Batty about research
“The nature of ERC projects is to perform very exploratory and highly ambitious research,” says Sanvito, who is an associate professor at Trinity’s school of physics and deputy director of CRANN.
“(ERC funding) is really a tool to be able to realise your wildest idea, and for a researcher it’s the best-case scenario possible.”
CRANN is now home to multiple ERC awardees, including Prof Valeria Nicolosi, who is working on ultra-thin materials that are just a single atom thick.
She won an ERC grant last year and decided to move from Oxford University to Trinity to carry out the work, which aims to improve energy storage by using “two-dimensional” materials that offer plenty of surface area for their volume.
“The smaller you go down in scale the more surface area you will get and the material will get more reactive as well,” says Prof Nicolosi, who previously worked in Trinity and decided to come back. “It was not an easy decision – being a lecturer in Oxford might be the dream of many scientists,” she says. “But for nanoscience, for what I do, Ireland has got a lot to offer.”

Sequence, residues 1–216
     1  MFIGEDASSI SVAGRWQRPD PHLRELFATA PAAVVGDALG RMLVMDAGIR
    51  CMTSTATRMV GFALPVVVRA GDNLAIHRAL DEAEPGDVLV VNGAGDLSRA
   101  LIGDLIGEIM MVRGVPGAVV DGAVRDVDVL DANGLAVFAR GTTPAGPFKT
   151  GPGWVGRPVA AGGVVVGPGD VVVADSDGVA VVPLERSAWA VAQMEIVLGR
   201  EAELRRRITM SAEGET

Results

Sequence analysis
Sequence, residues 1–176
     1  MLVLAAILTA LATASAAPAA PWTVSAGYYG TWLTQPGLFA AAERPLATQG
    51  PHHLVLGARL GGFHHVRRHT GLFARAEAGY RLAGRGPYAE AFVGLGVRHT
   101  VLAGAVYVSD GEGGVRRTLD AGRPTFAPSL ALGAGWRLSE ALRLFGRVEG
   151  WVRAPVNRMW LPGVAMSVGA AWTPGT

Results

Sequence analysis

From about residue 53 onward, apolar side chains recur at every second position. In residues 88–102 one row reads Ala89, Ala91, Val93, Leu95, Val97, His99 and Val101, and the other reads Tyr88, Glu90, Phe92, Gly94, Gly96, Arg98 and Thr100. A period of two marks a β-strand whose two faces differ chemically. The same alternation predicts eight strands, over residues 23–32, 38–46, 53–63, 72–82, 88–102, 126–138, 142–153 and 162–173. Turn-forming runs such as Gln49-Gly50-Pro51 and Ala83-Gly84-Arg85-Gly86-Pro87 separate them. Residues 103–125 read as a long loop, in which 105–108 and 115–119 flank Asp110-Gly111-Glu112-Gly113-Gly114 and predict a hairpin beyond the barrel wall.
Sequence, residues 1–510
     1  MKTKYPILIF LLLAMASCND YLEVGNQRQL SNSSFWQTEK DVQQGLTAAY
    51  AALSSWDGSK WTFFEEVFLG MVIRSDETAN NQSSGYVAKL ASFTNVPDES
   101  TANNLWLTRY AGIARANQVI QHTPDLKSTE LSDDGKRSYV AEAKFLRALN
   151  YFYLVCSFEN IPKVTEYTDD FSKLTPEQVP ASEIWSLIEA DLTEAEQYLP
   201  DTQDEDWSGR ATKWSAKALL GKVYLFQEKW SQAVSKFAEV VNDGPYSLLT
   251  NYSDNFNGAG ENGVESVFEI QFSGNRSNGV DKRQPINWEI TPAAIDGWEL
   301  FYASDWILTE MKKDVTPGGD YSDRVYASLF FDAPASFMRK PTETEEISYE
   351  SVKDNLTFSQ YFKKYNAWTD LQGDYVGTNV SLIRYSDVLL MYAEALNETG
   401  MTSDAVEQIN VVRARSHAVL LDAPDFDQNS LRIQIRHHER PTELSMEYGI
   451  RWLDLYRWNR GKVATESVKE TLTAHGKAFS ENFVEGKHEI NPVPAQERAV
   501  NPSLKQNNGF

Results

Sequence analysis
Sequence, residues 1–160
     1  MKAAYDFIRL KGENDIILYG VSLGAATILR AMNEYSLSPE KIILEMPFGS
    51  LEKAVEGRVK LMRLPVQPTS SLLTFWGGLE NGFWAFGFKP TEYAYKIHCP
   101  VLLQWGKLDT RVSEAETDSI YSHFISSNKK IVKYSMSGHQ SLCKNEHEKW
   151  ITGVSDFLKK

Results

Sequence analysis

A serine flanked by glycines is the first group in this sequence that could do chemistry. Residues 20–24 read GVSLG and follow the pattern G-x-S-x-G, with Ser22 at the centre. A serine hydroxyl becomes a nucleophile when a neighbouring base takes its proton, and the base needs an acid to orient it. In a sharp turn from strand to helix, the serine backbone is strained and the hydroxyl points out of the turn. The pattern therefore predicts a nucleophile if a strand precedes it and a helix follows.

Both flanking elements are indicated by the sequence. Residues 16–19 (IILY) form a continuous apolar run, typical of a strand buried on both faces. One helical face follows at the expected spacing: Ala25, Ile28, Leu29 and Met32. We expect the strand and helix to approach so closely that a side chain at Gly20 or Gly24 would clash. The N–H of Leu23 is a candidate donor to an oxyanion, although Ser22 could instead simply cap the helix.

Ireland has invested heavily in the life sciences and materials science, and this is reflected in the areas where we tend to win ERC funding, according to Dr Diarmuid O’Brien, executive director of CRANN.
He argues against the view that separates fundamental research and applied science, saying the two can co-exist even through the same person. “If you look at the ERC holders in recent years one assumes that by definition they are excellent in what they do in fundamental science. Meanwhile, many of them are involved in programmes with industry too,” he says. “If you trust the system by investing in excellence, either in fundamental or applied research, you will get everything you need to get back out.”
The nature of ERC projects is to perform very exploratory and highly ambitious research